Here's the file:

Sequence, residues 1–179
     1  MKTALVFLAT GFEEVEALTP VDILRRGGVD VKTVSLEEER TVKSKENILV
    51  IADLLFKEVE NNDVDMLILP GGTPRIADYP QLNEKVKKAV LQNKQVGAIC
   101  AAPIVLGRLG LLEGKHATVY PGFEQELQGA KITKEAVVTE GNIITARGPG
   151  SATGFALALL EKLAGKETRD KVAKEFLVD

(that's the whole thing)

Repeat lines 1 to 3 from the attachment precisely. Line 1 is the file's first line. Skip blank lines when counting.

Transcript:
Sequence, residues 1–179
     1  MKTALVFLAT GFEEVEALTP VDILRRGGVD VKTVSLEEER TVKSKENILV
    51  IADLLFKEVE NNDVDMLILP GGTPRIADYP QLNEKVKKAV LQNKQVGAIC